DBS Bank (Hong Kong), the local subsidiary of the biggest lender in Singapore and Southeast Asia, is focusing on developing its digital banking platform and redesigning its branches as an increasing number of customers switch to online banking amid the pandemic, according to a senior executive.
The bank closed three branches in Hong Kong last year, bringing the total down to 27, which has allowed the company to save on rent and other costs, Ajay Mathur, head of consumer banking and wealth management at DBS Bank (Hong Kong), said in an exclusive interview with the South China Morning Post.
The bank's mobile phone app accounted for 95 per cent of new credit card customer acquisition while more than one-third of wealth management account openings were through the digital platform last year, Mathur said.
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He, however, added that bank branches still have a role to play, but they will not be for simple transactions such as cash deposits or fund transfers.
"Customers have shifted to use their mobile phones and other digital platforms to handle these transactions instead of going to a branch," he said.
The lender's move to cut down its branch network came as the Covid
-19 pandemic has seen fewer customers going to physical locations while accelerating the demand for digital banking services at the same time. While there is no industry-wide data available in Hong Kong on the number of overall bank branch closures, Chinese lenders on the mainland closed 430 bricks-and-mortar locations in the first three months of this year, mainland media reported citing the China Banking and Insurance Regulatory Commission. Last year, mainland lenders closed 1,300 outlets.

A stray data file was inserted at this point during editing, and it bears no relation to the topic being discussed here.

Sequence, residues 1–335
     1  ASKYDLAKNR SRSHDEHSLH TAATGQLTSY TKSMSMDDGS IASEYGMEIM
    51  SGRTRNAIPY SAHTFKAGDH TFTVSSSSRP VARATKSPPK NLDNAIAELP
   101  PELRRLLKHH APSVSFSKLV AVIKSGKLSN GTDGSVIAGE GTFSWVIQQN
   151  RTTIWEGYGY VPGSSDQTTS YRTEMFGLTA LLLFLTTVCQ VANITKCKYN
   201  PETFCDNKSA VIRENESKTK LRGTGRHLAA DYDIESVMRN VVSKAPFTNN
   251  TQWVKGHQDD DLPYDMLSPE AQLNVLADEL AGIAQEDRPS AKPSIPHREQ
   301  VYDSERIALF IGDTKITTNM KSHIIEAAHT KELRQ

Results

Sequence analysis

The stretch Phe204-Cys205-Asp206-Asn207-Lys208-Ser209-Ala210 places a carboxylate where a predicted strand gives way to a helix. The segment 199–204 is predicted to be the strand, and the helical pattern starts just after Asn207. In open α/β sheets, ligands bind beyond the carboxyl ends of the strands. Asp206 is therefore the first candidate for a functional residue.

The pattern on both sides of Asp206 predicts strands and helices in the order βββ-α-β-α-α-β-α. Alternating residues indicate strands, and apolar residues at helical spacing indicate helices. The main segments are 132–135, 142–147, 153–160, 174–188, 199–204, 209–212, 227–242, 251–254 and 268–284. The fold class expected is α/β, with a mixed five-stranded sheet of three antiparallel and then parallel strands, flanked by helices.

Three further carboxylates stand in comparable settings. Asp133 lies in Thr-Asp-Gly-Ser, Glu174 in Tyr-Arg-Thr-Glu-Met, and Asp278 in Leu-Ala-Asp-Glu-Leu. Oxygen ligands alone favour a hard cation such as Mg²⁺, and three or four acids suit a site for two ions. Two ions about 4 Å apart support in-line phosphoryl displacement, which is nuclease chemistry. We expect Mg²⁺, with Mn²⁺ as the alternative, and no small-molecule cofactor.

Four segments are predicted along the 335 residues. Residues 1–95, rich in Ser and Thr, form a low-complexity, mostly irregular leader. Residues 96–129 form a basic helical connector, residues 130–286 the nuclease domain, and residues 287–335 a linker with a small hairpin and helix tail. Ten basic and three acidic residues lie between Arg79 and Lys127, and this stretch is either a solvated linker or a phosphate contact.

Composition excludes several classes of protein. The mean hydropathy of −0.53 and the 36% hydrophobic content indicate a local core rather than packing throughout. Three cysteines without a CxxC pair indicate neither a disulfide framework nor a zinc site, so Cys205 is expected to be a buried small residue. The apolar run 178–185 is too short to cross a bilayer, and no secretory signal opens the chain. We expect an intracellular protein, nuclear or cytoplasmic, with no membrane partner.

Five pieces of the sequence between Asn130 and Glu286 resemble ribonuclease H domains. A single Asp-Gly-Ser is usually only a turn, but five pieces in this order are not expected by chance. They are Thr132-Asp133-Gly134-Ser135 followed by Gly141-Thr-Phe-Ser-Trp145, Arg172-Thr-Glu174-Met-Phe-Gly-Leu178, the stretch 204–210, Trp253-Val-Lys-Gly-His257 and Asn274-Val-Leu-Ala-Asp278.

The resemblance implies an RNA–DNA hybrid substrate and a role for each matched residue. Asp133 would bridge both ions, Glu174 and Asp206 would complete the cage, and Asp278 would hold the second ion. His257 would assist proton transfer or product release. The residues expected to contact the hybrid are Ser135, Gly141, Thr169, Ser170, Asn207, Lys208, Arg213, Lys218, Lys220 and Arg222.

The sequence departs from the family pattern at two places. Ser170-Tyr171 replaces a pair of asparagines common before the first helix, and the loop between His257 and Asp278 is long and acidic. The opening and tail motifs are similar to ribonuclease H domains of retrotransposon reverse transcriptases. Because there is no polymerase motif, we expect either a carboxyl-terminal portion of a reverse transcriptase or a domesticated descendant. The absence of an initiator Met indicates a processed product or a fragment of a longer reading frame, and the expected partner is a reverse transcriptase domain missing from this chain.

Amid the shift in customer preferences, DBS's redesign of its branches will cater more to wealth management customers' needs, Mathur said. The front areas would be for the bank staff to discuss with customers investment products, mortgage loans, or help them with their succession planning, while pushing the teller counters to the back, he added.
The bank in April introduced a new mobile phone app for customers to handle all their banking, forex and other wealth management products in one go. It has also adopted machine learning and artificial intelligence to offer research analysis and additional information for customers speedily and intelligently.
They can also use the apps to make payments at certain shops or for taxi fares.
"Customers can open wealth management account using their mobile phone within 10 minutes, and they can start trading stocks or buy any fund products in the next minute," he said.
While DBS is keen on developing digital banking, it has no plan to apply for virtual bank licences in either Hong Kong or Singapore. The eight virtual banks in Hong Kong, which started operation last year, already have 580,000 customers and HK$20 billion (US$2.6 billion) in deposits at the end of March, according to data from the Hong Kong Monetary Authority.
"We have reviewed and do not think we need a separate licence. We have already digitalised most of our products and services to provide all types of digital banking services to customers," Mathur said. "Our customers can use digital platforms to invest in stocks and to buy wealth management products," he added, point out that virtual banks in the city do not offer wealth management services as yet.
DBS Bank expanded in Hong Kong via acquisitions of Kwong On Bank in 1998 followed by Dao Hang Bank and its subsidiary Overseas Trust Bank in 2001. In 2003, DBS Bank merged the three Hong Kong lenders into DBS Bank (Hong Kong), which is now the seventh-largest lender in the city in terms of assets.
The Hong Kong unit contributed about 20 per cent of net profit to the group last year, the most after its home market Singapore.
In April, Singapore parent DBS Bank agreed to buy a 13 per cent stake in Shenzhen Rural Commercial Bank Corp for 5.29 billion yuan (US$814 million) to expand further in the Greater Bay Area.
"Hong Kong is an important gateway for DBS to invest in Greater Bay Area to capture future opportunities in the area," Mathur said.